Added Heinrich, referring to over-arching cybersecurity leadership: “Somebody within the administration does need to own it.” He thinks there should be a cyber command component added to the U.S. Department of Defense “so you have someone at DOD fully capable of knowing when to engage and say, ‘There are going to be consequences.’”
And what should those consequences be?
“We have to push back on anyone that meddles with our elections,” like the Russians did in 2016, said Hoeven. “That’s not acceptable. So whether it’s Russia or anyone else that meddles in our elections, of course we have to push back on that. All options on the table, you know, in any kind of confrontation.”
On the contrary, Heinrich said, the U.S. needs to figure out how “we’re going to project to them — okay, what do we consider meddling and what do we consider a truly hostile act of war? Because they need to know where those red lines are, too. And right now, I don’t think they know that. And they have a very lean-forward approach to cyber work.”
FERC Chairman McIntyre, who only recently was sworn in on Dec. 7, 2017, also was asked about cybersecurity, specifically whether he had a strategy for preventing intrusions like the Russian campaigns to insert malware into the U.S. energy infrastructure.
“I agree with something that was said by Senator Heinrich,” McIntyre said, “that the day is not going to come when we may declare victory, at least in our lifetimes, over cyber problems. It is a matter that commands constant vigilance.”
McIntyre added that FERC staffers are “constantly vigilant” about cybersecurity and are in “increasingly close coordination” with other federal government agencies, including the U.S. Department of Energy.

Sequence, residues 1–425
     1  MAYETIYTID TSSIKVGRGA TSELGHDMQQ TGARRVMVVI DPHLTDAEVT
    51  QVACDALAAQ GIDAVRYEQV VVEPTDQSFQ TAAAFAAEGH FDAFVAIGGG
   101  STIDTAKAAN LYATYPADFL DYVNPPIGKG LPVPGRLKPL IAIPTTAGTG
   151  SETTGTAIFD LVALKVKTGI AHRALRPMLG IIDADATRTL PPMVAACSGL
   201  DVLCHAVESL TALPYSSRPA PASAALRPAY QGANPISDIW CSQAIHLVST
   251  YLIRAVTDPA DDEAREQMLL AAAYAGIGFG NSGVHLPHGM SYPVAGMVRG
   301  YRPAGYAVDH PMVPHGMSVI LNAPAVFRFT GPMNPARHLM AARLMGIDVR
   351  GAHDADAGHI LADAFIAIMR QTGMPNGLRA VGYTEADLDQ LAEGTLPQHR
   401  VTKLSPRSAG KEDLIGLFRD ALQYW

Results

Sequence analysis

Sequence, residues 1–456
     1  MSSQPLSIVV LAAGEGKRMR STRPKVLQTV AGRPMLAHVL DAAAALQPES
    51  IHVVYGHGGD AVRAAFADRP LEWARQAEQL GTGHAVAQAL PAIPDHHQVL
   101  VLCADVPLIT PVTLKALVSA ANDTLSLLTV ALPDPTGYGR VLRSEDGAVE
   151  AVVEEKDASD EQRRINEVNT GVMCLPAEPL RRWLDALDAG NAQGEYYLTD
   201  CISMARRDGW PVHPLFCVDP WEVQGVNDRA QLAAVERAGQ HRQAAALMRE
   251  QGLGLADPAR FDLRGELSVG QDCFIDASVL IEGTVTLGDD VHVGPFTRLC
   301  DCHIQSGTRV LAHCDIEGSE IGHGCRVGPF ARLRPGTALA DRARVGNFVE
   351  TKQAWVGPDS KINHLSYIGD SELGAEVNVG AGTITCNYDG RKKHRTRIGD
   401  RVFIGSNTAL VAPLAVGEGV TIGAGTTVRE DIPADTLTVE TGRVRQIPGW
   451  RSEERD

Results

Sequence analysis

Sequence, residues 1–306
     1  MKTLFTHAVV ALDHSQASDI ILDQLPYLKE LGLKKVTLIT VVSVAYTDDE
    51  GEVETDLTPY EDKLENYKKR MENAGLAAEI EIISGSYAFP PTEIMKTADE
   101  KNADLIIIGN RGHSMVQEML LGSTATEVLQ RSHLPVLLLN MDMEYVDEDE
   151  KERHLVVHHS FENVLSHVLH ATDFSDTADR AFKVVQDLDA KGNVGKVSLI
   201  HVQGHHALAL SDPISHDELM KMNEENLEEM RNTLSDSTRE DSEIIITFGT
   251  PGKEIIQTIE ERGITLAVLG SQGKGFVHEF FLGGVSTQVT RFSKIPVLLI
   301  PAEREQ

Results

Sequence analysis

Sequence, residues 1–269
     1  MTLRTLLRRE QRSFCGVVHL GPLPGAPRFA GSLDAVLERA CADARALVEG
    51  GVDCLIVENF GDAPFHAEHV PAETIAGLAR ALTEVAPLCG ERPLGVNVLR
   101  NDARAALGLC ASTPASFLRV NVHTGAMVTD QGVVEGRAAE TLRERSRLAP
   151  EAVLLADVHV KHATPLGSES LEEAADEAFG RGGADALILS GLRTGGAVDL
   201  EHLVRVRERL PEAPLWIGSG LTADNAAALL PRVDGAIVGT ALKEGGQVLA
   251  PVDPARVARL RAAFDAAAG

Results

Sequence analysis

“We monitor this stuff all the time because the threats are real and involve highly sophisticated players, state actors, and other entities that mean us harm as a nation, as an economy, mean to harm our national security and mean to harm our populace,” McIntyre said. “We need to pay constant attention to it.”
Congress in 2005 gave FERC oversight authority for the nation’s electric reliability, he pointed out, and directed FERC to put an organization in charge of setting regulations that assured reliability — the North American Electric Reliability Council (NERC).
NERC subsequently has developed what McIntyre called a robust and widespread system of reliability standards that include cyber protection.
“So this is something that gives us an official function in monitoring and asking ourselves constantly whether that suite of regulations, reliability standards, is doing what is intended in terms of the protection of our grid from a cyber standpoint,” he said.
And as the number of connection points with the grid have grown, so too have the points of vulnerability, creating “a real concern,” added McIntyre.
“In fact, we talk about a lot of technological advancements in energy leading to what we often hear referred to as the smart grid,” he said. “It’s possible that in certain respects our smart grid is a little too smart and that it’s a little too electronically accessible. There might be certain areas where we need to dumb down our grid a little bit for cyber protection reasons.”